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Mayor Announces a Restaurant Rapid Response Grant Program

By Brittany PolitoiBerkshires Staff
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PITTSFIELD, Mass. — Mayor Linda Tyer has announced a new relief aid program for Pittsfield restaurants in the wake of the city suspending indoor dining.
 
The Restaurant Rapid Response Grant program will offer up to $5,000 to eligible restaurants to help with rent, mortgage, utilities, payroll, supplies, and inventory.
 
Tyer made the announcement during her COVID-19 update Friday on Pittsfield Community Television telling the community that a second surge of the novel coronavirus had hit the city.
 
"I would love more than to stand before you and share good news but I just can't do that this week," she said. "The number of new COVID-19 cases in our city is beyond alarming, it's frightening.
 
"We are in a serious crisis."
 
In the past week, the city had received a daily report of more than 100 positive COVID-19 cases, an accumulation of test results over several days. On Friday, eight new cases were reported.
 
"What were seeing was completely avoidable," Tyer said. "These cases have been directly attributed to large get-togethers in restaurants and large indoor parties in private homes attended by individuals from multiple households."
 
These get-togethers caused an explosion of cases in the city, the mayor said. In one instance, a single COVID-19 case generated at least 20 other positives.
 
The state of Massachusetts encourages using three reporting periods to determine when communities should step back, but Pittsfield is not waiting and stepped back immediately.
 
"Decisive, aggression action is what is needed right not to slow the spread of COVID-19 in our city," Tyer said.
 
The city's COVID-19 Task force identified several actions that are effective immediately, one of which included a suspension of indoor dining until further notice.
 
Tyer said many cases have been linked to indoor dining and large gatherings, so it is necessary to take a pause on these actions.
 
Though indoor dining is suspended, local eateries are allowed to provide takeout, delivery, and to serve outdoors, which has proved to be very successful during winter spring and summer months, Tyer said.
 
While these shutdowns are necessary, Tyer said she recognizes the tremendous economic impact it will have on Pittsfield restaurants, and thus the emergency grants.  
 
The application form will be available here on Wednesday, Nov. 18.
 
Restaurants wishing to get more information about this program can also contact the city at pittsfieldsmallbusiness@cityofpittsfield.org
 
This grant program is in addition to Pittsfield's COVID-19 Economic Relief and Recovery Small Business Grant program, which has already aided 63 businesses, including 17 restaurants.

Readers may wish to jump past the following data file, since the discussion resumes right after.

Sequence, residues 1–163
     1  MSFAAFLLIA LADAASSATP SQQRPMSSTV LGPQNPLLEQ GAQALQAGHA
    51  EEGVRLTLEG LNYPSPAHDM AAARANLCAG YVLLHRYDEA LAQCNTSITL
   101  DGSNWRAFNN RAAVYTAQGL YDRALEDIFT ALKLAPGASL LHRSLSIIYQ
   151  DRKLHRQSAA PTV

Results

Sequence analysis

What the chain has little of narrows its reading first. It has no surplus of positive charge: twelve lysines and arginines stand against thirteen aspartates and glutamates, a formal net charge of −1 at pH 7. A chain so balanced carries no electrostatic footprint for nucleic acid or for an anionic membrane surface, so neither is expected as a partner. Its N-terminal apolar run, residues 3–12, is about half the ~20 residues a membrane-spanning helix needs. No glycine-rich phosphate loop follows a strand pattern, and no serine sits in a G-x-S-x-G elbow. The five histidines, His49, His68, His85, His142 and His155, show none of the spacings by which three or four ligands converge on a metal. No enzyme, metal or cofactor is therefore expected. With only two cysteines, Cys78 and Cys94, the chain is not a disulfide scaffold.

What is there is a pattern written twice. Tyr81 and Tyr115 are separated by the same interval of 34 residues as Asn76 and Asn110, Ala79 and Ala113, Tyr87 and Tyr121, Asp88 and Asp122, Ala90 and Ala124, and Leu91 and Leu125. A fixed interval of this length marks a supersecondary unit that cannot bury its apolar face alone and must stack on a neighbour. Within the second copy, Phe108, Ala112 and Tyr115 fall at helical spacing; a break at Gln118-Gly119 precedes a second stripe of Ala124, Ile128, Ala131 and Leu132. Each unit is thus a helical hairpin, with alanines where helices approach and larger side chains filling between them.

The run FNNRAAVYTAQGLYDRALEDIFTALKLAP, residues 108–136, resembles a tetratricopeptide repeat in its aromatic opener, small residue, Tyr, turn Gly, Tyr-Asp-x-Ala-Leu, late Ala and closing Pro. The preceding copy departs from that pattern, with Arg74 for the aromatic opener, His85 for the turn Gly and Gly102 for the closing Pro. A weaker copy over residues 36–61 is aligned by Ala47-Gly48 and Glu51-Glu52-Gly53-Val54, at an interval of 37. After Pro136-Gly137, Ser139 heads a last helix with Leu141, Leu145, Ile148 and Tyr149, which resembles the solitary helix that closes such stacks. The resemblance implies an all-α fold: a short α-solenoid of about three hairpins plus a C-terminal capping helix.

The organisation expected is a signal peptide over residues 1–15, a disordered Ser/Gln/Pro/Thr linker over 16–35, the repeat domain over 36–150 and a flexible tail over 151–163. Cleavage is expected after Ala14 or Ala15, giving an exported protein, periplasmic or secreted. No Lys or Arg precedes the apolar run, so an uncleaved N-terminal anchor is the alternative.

Tyer noted that there are still funds available for this program, and the city is accepting more applications. More information on this program can be provided by the city's Office of Community Development at cityofpittsfield.org.
 
Additionally, a second Board of Health order will be issued to step back the city of Pittsfield to step 1 of phase 3 of the reopening process.
 
This means that until further notice, the following types of businesses must reduce indoor capacity to 40 percent; outdoor gatherings at event venues and in public settings are limited to 50 people; and
outdoor theater performance venues may operate at 25 percent capacity with no more than 50 people.
 
Indoor performances are suspended for the time being.
 
For more sector specific guidelines visit www.mass.gov/reopening

Tags: COVID-19,   restaurants,   


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Berkshire Humane Waives Dog Adoption Fees Through Sunday

PITTSFIELD, Mass. — Berkshire Humane Society has waived adoption fees of dogs who are at least one year old from Monday through Sunday this week. 
 
The promotion, called "Mass-Saves," is the first event of a statewide coalition led by MSPCA-Angell. Other shelters in the coalition funded by Best Friends Animal Society include Worcester Animal Rescue League, Boston Animal Control, Thomas J. O'Connor Animal Control and Adoption Center and Dakin Humane Society. The shelters will work together to improve and save lives of animals.
 
"Shelters throughout the country are experiencing an influx of dogs who are not being adopted right away, taxing the capacity of shelters to care for them," said John Perreault, executive director of Berkshire Humane Society. "We're no different. Due to the economy, we're receiving dogs with medical needs that need to be treated and dogs who need extra attention to address behavioral issues. 
 
"We have many good dogs in the shelter, but it takes resources and time to find them a home. That's why I'm excited to join this statewide team of organizations to address this issue."
 
"The issues facing animal welfare right now are daunting, to say the least," said 
 
Mike Keiley, vice president of animal protection at the Massachusetts Society for the Prevention of Cruelty to Animals-Angell, said, "one of the most pervasive issues we're experiencing, and that's the dog population crisis." According to Keiley, a large and increasing number of homeless dogs need specialized help from behavior experts to adjust to shelter life long enough to find their adoptive homes.
 
"A lot of those dogs really struggle in shelters," Keily explained. "Given that recruiting qualified behavior personnel is just as hard as recruiting veterinary staff, most shelters aren't able to address this challenge alone, and, without that help, it may not be possible to rehome the animals." 
 
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